The Connect the Dots Green Schools Challenge encourages K–12 schools across the Washington, D.C., Maryland and Virginia region to implement creative, year-long projects that commit to enhancing environmental stewardship within their communities.
Participants develop projects that are low-cost, inclusive of the greater community and strive to improve air quality and conserve natural resources. These projects increase environmental literacy among students and provide them with knowledge about the importance of sustainability, using their school as a model for impact.
Currently, judging and preparations are under way for upcoming awards ceremonies to recognize all participants for their dedication to their projects. Project teams were assisted by volunteer mentors from the USGBC network to guide implementation. The 2017–2018 school year has seen participation from a wide array of K–12 schools with a diverse mix of projects focusing on different elements of increasing school sustainability.
Here are just a few examples of those projects:
Notre Dame Preparatory School
Students in 6th through 8th grades in Towson, Maryland, established a Lenten Carbon Footprint Fast program to shed light on the impacts of waste. During Lent, “No Waste Wednesdays” allowed students to acquaint themselves with the importance of reducing the amount of day-to-day waste that is created.
Participation within the school increased by 18 percent during the first week of Lent to 37 percent by the last week. Much of this increase is attributed to the dedication of middle-level STEAM club members, who educated fellow students through various outreach methods such as videos, poems, a school-wide assembly and a "Green IQ" quiz.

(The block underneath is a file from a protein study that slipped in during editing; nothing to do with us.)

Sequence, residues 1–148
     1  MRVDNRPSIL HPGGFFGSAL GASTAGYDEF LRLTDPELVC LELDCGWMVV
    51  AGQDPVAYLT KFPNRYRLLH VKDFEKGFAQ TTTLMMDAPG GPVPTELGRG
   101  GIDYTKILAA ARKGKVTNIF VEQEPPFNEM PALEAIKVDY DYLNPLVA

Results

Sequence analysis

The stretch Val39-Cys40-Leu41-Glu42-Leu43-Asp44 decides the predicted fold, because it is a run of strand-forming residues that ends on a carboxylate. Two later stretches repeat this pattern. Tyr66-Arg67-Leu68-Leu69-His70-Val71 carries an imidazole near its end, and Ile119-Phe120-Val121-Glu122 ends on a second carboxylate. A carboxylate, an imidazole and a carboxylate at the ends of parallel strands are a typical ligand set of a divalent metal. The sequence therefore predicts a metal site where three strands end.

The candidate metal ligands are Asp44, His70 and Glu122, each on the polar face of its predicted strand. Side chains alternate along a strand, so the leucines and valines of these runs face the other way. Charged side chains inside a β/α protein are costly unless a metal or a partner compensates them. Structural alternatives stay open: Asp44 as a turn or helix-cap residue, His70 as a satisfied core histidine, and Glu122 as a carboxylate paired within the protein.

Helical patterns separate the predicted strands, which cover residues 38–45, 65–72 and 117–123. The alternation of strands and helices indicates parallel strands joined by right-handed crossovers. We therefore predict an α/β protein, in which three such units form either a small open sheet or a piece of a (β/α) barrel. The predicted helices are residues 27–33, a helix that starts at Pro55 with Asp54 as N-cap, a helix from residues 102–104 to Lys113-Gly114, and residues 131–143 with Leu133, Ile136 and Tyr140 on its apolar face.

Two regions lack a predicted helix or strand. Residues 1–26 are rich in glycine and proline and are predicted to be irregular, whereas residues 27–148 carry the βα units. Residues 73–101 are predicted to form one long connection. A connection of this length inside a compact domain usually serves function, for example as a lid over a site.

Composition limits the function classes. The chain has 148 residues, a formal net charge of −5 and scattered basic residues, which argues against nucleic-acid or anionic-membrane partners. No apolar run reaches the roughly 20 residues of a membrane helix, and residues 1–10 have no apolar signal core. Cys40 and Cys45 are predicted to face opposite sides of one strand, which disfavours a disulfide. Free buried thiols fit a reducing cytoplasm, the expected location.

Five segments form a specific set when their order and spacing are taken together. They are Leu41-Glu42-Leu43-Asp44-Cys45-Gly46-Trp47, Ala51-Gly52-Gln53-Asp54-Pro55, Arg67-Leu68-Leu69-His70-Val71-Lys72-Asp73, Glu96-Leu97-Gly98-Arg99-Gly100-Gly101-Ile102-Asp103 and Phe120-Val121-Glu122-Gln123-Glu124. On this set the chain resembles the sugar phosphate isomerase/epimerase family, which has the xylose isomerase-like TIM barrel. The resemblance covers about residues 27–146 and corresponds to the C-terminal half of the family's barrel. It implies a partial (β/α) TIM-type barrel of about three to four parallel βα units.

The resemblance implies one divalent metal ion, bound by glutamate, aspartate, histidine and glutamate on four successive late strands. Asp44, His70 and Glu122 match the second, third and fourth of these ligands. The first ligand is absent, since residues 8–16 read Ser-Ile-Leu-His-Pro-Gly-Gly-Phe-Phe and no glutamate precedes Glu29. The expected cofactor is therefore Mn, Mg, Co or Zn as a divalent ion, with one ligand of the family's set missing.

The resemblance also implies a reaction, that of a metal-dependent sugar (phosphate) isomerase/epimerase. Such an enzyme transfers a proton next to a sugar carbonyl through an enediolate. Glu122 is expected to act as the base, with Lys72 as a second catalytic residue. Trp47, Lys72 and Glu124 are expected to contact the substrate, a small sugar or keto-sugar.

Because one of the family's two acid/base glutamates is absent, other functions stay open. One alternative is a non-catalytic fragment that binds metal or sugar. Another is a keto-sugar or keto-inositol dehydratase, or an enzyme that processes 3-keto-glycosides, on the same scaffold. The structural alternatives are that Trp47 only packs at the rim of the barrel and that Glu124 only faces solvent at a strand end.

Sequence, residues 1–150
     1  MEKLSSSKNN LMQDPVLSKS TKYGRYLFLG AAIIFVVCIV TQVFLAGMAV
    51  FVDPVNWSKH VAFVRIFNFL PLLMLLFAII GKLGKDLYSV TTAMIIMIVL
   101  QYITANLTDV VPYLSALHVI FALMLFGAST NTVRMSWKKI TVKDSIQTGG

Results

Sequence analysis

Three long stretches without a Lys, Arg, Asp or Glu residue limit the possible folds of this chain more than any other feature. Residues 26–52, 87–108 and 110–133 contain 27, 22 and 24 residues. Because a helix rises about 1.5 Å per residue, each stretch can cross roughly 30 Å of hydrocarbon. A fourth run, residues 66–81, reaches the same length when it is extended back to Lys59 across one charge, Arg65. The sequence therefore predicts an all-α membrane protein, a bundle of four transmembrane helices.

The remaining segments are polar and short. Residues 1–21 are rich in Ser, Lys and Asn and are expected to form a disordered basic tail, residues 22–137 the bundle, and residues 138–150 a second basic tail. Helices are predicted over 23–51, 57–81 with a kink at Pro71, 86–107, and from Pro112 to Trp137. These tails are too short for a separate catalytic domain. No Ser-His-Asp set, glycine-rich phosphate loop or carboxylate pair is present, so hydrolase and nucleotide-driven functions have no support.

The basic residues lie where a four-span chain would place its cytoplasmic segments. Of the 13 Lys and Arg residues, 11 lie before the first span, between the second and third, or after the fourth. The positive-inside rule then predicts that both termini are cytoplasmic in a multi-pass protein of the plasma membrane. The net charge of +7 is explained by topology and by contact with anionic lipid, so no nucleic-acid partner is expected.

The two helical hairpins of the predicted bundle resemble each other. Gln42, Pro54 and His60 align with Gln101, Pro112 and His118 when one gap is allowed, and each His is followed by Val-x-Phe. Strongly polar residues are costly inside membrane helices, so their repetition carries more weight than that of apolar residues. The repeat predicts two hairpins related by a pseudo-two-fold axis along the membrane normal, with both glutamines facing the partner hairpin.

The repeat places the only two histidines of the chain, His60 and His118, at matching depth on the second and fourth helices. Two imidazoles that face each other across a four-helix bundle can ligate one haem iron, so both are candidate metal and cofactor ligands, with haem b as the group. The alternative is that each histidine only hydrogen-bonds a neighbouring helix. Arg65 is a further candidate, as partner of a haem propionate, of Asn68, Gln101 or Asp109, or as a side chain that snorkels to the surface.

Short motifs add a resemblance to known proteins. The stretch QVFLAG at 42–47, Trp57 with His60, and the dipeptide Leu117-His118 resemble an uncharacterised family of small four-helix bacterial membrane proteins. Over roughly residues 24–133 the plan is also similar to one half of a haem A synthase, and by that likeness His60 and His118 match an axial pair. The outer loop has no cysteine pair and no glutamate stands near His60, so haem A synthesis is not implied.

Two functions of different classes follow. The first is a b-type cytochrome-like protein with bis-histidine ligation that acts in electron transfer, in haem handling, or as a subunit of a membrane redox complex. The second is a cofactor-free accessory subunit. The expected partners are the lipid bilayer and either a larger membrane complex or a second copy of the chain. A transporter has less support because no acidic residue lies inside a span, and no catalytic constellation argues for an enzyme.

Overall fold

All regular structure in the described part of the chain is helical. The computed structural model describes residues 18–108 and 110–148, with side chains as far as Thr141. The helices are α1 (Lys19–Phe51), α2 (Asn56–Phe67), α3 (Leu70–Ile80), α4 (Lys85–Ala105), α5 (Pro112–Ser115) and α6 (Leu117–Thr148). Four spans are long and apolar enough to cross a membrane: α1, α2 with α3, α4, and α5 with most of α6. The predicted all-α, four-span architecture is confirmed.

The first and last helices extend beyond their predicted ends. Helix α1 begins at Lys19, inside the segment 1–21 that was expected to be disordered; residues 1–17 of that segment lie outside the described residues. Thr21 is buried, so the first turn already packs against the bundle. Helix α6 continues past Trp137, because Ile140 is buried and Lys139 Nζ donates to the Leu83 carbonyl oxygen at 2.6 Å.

Discovery Elementary School
In Arlington, Virginia, sustainable transportation was the focus of a project where Eco-Action Green Leaders promoted bicycling to school as the favored method of transport. By handing out biking stickers, encouraging “Two-Wheel Tuesdays,” and adding a biking curriculum to the physical education program, the school hopes to increase the use of bikes in getting to and from school to reduce emissions. The school has also established walking and biking pools that will further their goals in reducing energy consumption through transportation.
Students learn about environmental stewardship at Discovery Elementary.
Fisher, Blackwell and Miles Jones Elementary Schools
Three schools in Richmond, Virginia, championed teamwork and cooperation through a joint program focusing on the benefits of using solar energy in schools. Not only did they want to showcase the economic benefits, they also wanted to increase knowledge of solar energy among the student population.
Students working on solar ovens in Richmond, Virginia.
With the original idea taking place at Fisher, the Blackwell and Miles Jones Elementary Schools soon expressed interest in teaming up and creating plans to install solar panels for each school. They also successfully increased participation among other schools in the area, with a total of eight planning to implement solar panels in the near future. It is estimated that with these panels, around $2.1 million will be saved in operating costs, along with the overall decrease in greenhouse gas emissions. The Fisher, Blackwell and Miles Jones Elementary Schools were the winners of the Honor Award for the Connect the Dots program in Virginia.
Moving forward, all three schools plan to continue their projects and further advocate for the benefits of increasing environmental responsibility. These and all the Connect the Dots projects were celebrated at the USGBC Virginia Leadership Awards on May 3 in Richmond, Virginia, and will be again at the USGBC National Capital Region Midsummer Night’s Green event in Washington, D.C., in July.